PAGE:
I sat with Danielle on her bed, asking her questions as she folded her clothes. I was struck by how mindfully she folded each item of clothing. She took great care with each piece, and I could tell that this typically mundane activity was serving as a meditative practice for her. I was inspired by her recent commitment to minimalism, although I had (somewhat hypocritically) collected some of the items she had recently given away. This practice left her with only those that remained of most value to her.
I asked her about how teaching yoga to adults coincides with her current job teaching first and second grade at a small, rural school in southern Vermont. She spoke to her experience balancing school, yoga, self-care, and personal life. As our conversation unfolded, we found that her Creature emerges in flow states of teaching.
Yoga has given me physical stamina that I use in my professional life. I can take my kids outside and run around with them at recess. I do yoga with them, I am picking them up when they’re crying, or there will be four of them sitting in my lap. So the physical stamina of teaching yoga is helpful.
On the mind space side, it helps me remember compassion for the children that I’m teaching, because often-times I’m wanting to tear my hair out… but now I can sort of step back, or ask my students to take on the role of observer. Whereas five years ago, even though I was doing yoga then as well, I was more quick to react.
Setting boundaries is important to assure that I’m not being pulled beyond my limit, or feeling like I need to go beyond that limit to prove something. So aside from making proper decisions around that, it stills goes back to self reflection, to thinking about what I could need in any given moment. My family is a big part of how I care for myself, because when my relationships with them are healthy and thriving, I feel like I’m healthy and thriving.
The yoga that I practice is based in the Ashtanga system, which includes more than physical practice. It translates into “the eight-limbed path of yoga” and so the physical practice, the asana, is one of eight limbs of a whole.
One of these limbs is called Svādhyāya, which translates into self-study. I always want to look back inside, always go back to that practice of constantly practicing Svādhyāya…not necessarily as a way to correct myself, but just to get a better picture.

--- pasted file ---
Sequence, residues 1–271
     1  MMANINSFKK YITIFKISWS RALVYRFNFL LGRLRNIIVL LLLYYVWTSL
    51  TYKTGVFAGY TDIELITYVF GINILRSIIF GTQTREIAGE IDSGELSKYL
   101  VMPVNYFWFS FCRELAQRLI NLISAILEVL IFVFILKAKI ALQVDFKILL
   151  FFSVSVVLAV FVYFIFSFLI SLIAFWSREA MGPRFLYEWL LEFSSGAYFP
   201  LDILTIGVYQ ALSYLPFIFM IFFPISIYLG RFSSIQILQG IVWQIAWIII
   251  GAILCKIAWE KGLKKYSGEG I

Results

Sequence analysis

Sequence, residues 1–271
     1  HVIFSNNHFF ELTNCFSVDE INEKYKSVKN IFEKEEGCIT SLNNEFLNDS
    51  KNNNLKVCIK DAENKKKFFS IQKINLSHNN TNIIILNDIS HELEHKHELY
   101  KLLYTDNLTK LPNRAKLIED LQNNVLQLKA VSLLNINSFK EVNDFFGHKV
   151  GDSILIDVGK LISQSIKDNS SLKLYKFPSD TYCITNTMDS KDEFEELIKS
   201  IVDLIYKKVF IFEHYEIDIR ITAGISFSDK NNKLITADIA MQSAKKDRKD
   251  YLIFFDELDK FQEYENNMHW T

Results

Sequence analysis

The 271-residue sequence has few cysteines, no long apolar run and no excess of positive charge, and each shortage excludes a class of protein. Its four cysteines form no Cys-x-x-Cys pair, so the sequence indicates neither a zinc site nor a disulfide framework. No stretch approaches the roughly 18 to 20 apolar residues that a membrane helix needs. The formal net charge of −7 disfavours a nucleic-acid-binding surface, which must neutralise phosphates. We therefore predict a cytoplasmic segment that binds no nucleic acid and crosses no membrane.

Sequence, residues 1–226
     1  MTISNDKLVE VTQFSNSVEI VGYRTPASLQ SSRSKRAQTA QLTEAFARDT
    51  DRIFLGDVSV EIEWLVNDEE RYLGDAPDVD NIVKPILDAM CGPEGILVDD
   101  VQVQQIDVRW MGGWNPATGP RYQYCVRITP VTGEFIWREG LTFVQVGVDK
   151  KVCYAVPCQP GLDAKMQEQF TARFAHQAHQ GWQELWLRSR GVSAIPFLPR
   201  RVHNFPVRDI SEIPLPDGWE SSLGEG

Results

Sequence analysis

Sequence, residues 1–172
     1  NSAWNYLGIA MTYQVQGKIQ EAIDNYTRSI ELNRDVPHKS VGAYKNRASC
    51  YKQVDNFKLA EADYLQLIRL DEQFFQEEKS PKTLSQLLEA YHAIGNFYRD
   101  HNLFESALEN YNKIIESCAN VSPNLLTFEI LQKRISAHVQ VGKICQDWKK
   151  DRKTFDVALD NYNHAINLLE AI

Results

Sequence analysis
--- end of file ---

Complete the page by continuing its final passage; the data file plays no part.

My yoga practice has helped me self reflect all the time in my teaching practice, so that I don’t get stale or complacent.
The lesson I really take to heart is Satya, whichtranslates into truth. For me, this means not only speaking my truth, but also trying to live my truth, which is my current and longtime struggle as a teacher. I know I am a teacher of many things, and yet at the same time it is so very difficult to be a teacher of yoga and of children. I’m still figuring out what my truth is, how to practice Satya in teaching. Due to this, when people ask me “do you love your job?” it’s very complicated for me to answer.
When I teach children, there is a lot of calming that I have to do for them, and for myself. I have to remember to breathe, and I have to dig very deep to keep going all the time. I think children are natural yogis when you give them the space, but you can’t rush through teaching children because, A, it doesn’t work, and B, they just won’t let you. They force your attention to be present all the time. Just like a yoga practice does, or should. The mental place that I have to put myself in to teach can also be the mental place that I have to put myself in to do yoga.
I know my best yoga classes are when I feel that back and forth, that reciprocity with the people who are practicing. It’s not just an affirmation like “that was a great class, Danielle” but a moment whereI can step back and see that they are having a great class because I can see it in their bodies…that is extremely rewarding. That, to me, is when I am in my Creature space, in my flow state.